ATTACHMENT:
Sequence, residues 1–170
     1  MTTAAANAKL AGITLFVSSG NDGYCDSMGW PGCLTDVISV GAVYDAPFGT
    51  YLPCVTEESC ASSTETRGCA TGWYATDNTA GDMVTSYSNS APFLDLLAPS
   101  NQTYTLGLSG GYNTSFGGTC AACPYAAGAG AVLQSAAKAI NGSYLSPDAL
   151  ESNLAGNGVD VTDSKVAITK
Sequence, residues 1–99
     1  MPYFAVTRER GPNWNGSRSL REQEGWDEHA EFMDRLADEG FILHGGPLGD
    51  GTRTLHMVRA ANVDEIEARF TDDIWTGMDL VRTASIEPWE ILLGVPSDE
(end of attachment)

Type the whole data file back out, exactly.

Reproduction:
Sequence, residues 1–170
     1  MTTAAANAKL AGITLFVSSG NDGYCDSMGW PGCLTDVISV GAVYDAPFGT
    51  YLPCVTEESC ASSTETRGCA TGWYATDNTA GDMVTSYSNS APFLDLLAPS
   101  NQTYTLGLSG GYNTSFGGTC AACPYAAGAG AVLQSAAKAI NGSYLSPDAL
   151  ESNLAGNGVD VTDSKVAITK
Sequence, residues 1–99
     1  MPYFAVTRER GPNWNGSRSL REQEGWDEHA EFMDRLADEG FILHGGPLGD
    51  GTRTLHMVRA ANVDEIEARF TDDIWTGMDL VRTASIEPWE ILLGVPSDE